Clusters of co-varying AA around HLA-associated sites (especially at typically conserved sites) suggested that cooperative interactions act to preserve the local structural stability and protein function when CTL escape mutations occur. These results expose HLA-imprinted HIV-1 polymorphisms and their interlinked mutational paths in Gag that are likely due to opposite selective pressures from host CTL-mediated responses and viral fitness constraints.
Individuals with CTL responses biased toward Gag presented lower viral loads than individuals with under-represented Gag-specific CTL responses. Using methods that account for founder effects and HLA linkage disequilibrium, we identified 35 AA sites under Human Leukocyte Antigen (HLA)-restricted CTL selection pressure and 534 AA-to-AA interactions. Analysis of two-dimensional distances between co-varying residues revealed local stabilization mechanisms since 40% of associations involved neighboring residues. Key features of our co-variation analysis included sites with a high number of co-varying partners, such as HLA-associated sites, which had on average 55% more connections than other co-varying sites.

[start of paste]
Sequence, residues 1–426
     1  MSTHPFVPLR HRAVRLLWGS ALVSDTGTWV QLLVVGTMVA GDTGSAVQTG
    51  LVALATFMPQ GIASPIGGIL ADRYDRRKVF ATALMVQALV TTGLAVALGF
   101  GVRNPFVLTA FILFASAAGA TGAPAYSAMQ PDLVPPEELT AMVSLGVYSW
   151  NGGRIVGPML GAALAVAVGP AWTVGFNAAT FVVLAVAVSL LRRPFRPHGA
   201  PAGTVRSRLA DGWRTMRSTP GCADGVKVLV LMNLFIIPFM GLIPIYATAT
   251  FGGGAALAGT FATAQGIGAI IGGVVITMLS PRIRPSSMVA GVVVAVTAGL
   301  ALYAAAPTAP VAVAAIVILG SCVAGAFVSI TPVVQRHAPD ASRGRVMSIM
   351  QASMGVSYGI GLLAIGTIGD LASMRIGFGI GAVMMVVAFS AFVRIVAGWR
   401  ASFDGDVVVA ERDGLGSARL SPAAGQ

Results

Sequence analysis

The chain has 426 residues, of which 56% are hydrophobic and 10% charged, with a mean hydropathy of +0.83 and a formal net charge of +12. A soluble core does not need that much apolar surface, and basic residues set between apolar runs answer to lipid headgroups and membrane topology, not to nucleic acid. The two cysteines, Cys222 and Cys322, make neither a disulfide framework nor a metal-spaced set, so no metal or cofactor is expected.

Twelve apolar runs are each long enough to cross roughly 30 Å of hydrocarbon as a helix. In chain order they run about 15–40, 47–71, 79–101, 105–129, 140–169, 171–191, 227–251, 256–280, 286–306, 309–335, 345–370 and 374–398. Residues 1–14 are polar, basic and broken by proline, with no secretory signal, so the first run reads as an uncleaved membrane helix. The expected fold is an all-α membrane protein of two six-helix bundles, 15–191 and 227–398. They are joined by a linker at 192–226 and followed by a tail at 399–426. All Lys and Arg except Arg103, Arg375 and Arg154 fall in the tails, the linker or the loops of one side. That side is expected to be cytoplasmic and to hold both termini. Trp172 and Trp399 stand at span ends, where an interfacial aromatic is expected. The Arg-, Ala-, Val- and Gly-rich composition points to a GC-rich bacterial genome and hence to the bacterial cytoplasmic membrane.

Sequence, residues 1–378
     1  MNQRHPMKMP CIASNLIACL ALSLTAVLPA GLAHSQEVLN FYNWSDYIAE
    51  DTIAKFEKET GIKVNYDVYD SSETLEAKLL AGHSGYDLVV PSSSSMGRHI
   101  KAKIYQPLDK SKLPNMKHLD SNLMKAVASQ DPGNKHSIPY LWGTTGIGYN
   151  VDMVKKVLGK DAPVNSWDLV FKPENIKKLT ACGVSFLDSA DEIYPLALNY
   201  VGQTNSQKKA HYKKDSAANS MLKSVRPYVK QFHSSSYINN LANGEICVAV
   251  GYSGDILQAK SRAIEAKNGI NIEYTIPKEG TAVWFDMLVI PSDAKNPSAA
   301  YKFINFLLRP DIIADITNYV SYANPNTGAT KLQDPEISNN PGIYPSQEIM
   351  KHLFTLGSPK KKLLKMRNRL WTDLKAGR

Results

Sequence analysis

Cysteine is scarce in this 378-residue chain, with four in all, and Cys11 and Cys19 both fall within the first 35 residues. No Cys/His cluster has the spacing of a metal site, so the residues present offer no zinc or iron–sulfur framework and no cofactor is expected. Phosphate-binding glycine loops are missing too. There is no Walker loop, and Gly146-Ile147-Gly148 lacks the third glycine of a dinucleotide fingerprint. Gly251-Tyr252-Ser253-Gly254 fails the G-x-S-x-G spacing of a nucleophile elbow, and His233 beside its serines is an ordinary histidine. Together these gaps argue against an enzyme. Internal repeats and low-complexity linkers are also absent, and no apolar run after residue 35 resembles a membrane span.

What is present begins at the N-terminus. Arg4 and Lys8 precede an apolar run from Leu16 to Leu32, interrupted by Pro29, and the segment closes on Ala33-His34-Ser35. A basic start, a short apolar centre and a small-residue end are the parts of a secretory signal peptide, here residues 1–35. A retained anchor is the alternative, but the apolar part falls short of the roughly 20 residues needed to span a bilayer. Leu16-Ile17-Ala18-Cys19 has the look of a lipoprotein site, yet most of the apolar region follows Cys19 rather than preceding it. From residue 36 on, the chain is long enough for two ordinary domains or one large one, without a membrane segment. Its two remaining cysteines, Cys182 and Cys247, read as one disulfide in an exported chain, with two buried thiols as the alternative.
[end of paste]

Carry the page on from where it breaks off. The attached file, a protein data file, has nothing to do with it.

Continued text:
Despite high potential for HIV-1 genetic variation, the emergence of some mutations is constrained by fitness costs, and may be associated with compensatory amino acid (AA) co-variation. To characterize the interplay between Cytotoxic T Lymphocyte (CTL)-mediated pressure and HIV-1 evolutionary pathways, we investigated AA co-variation in Gag sequences obtained from 449 South African individuals chronically infected with HIV-1 subtype C.
Rolland M, Carlson JM, Manocheewa S, Swain JV, Lanxon-Cookson E, Deng W, Rousseau CM, Raugi DN, Learn GH, Maust BS, Coovadia H, Ndung'u T, Goulder PJ, Walker BD, Brander C, Heckerman DE, Mullins JI. (2010). Amino-acid co-variation in HIV-1 Gag subtype C: HLA-mediated selection pressure and compensatory dynamics. PLoS One, 5(9)